comedy ending. No big deal.  Her spending the night in his place was a bit interesting, but of

course they couldn't do anything with it at that time. Eddie mentioned in his outro that Belita

was in a few plays after her movie career ended, including Chekhov's The Cherry Orchard. I

don't think they could have put an ice skating scene into that one.

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The Hunted was the first film on Noir Alley I was sorry I watched. Usually I can find something of merit to keep me watching, but not this one. I wound up ffing through a bunch of dialog scenes (I wasnt watching it in real time) A lot of long, boring conversations between Belita and Foster (who himself was super boring) The film only got interesting towards the end. I think Eddie scheduled this because of his fondness for Belita. Even the camera work was boring. Nothing moved!

DUD!

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16 hours ago, Vautrin said:

A new noir sub-genre--ice skating noir. Too slow and talky for the first hour. Things

improved a little when the lawyer was killed and Belita went on the run. I didn't think

she did any of the crimes she was accused of since she was one of the most mild-mannered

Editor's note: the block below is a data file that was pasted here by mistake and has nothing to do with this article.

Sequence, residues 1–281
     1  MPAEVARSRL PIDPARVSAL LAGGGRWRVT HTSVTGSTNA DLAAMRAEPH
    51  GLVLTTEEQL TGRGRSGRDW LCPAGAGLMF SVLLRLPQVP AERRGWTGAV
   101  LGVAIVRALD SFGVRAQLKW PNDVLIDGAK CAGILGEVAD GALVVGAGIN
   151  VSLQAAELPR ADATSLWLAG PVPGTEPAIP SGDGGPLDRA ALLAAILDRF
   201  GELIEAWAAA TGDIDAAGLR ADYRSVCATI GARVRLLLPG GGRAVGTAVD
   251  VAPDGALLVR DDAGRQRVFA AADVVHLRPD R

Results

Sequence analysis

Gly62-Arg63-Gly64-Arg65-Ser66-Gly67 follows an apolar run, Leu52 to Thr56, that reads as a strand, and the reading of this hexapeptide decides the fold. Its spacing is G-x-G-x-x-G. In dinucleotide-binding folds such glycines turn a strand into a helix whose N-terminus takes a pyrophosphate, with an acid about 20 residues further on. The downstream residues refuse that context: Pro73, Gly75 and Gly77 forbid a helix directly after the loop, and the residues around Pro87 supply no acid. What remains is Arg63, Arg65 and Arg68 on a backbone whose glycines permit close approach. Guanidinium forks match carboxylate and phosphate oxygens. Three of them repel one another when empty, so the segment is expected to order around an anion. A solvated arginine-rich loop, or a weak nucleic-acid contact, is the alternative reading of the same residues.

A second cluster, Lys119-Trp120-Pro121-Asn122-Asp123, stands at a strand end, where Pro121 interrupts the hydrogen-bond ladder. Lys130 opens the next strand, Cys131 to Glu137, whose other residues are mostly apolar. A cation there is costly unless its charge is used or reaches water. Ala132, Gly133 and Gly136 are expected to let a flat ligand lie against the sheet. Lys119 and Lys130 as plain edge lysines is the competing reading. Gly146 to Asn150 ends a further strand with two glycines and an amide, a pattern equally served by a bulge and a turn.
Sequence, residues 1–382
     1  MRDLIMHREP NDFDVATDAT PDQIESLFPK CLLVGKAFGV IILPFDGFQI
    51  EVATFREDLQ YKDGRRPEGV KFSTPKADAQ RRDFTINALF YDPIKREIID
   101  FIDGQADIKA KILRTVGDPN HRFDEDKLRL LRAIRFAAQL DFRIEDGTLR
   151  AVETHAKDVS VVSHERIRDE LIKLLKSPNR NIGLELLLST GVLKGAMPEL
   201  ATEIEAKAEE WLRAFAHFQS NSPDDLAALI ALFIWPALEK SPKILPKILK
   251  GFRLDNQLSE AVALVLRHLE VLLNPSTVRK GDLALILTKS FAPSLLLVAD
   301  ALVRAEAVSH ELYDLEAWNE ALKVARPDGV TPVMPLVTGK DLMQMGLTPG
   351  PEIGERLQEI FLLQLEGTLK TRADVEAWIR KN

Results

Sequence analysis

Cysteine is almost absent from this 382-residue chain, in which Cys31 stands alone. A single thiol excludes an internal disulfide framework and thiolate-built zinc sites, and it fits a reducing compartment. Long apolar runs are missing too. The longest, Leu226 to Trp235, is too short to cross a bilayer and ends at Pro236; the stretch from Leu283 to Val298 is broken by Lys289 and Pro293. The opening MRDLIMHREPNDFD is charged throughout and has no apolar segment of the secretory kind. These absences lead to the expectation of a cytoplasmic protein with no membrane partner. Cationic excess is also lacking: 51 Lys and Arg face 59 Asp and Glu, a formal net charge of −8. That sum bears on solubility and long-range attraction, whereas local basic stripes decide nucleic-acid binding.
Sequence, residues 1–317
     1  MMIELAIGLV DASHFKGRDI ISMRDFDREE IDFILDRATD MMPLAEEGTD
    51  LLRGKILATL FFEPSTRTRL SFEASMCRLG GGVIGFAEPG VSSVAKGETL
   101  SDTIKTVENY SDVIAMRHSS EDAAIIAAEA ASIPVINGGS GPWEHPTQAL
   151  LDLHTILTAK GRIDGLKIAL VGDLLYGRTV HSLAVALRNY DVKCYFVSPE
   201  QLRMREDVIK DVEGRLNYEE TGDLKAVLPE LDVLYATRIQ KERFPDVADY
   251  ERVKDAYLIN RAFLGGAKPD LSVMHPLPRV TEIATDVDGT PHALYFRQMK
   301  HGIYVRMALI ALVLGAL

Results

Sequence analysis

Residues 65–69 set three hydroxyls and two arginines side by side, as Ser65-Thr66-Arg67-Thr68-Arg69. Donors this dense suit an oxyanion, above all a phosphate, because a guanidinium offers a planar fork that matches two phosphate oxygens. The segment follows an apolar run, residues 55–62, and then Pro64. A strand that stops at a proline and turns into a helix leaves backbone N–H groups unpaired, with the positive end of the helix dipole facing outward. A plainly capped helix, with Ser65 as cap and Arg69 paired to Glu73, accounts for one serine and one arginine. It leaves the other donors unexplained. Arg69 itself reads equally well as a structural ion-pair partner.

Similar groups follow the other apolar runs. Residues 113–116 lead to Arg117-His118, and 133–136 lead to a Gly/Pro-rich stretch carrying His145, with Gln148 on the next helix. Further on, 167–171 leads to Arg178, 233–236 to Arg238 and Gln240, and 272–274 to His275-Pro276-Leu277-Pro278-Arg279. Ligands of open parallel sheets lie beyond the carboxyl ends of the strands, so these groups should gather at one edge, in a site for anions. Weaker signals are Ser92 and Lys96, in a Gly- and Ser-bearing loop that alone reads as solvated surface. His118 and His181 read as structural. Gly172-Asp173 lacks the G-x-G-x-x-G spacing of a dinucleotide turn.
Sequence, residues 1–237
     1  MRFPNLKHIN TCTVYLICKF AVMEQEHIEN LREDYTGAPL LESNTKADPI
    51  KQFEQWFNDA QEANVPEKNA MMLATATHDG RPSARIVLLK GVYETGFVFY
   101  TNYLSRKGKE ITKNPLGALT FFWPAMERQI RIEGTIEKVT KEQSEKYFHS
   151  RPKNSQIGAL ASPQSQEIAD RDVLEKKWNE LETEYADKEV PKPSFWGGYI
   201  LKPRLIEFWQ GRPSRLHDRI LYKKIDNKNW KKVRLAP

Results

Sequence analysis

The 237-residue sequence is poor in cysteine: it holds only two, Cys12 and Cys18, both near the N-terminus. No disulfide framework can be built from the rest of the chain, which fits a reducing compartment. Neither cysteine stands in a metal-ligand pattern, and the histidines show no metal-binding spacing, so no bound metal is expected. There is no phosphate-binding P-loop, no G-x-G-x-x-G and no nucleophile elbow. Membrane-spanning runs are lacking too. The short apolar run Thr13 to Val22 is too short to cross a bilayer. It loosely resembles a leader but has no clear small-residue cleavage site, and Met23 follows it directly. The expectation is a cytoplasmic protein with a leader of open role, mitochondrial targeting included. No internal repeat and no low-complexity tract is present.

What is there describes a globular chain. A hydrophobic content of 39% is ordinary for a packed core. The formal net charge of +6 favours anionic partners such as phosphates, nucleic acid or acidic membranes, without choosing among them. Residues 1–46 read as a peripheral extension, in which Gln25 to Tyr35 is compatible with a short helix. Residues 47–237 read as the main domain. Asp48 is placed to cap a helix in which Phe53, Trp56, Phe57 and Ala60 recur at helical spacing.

noir ladies around. Some of the visuals were good, but overall this thing was on the dull

side. And that corny Hollywood ending. I would complain about it more but I saw it coming

when Foster opened his apartment door, yep she'll be in there and she was. And couldn't

this poor guy even afford a bedroom? And Belita in The Cherry Orchard? Would have loved

to have seen that. 

Couldnt agree more! Talk, talk, talk. SNORE.

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7 hours ago, Hibi said:

Couldnt agree more! Talk, talk, talk. SNORE.

Yeah, it was hard to get very excited about this one, even with not having seen it before.

That long scene where she spends the night and they blather on for who knows how long

was deadly. A few good parts, but on the whole pretty mediocre. Hey, they can't all be

winners. 

 

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41 minutes ago, Vautrin said:

Yeah, it was hard to get very excited about this one, even with not having seen it before.

That long scene where she spends the night and they blather on for who knows how long

was deadly. A few good parts, but on the whole pretty mediocre. Hey, they can't all be

winners. 

 

This one definitely wasnt! LOL.

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7 hours ago, Hibi said:

I'm not familiar with that title either. We shall see!

I don't usually look to see what the noir film will be, but I took a peek. I haven't

seen it either, and if it turns out to be a lemon, you've only lost an hour of time.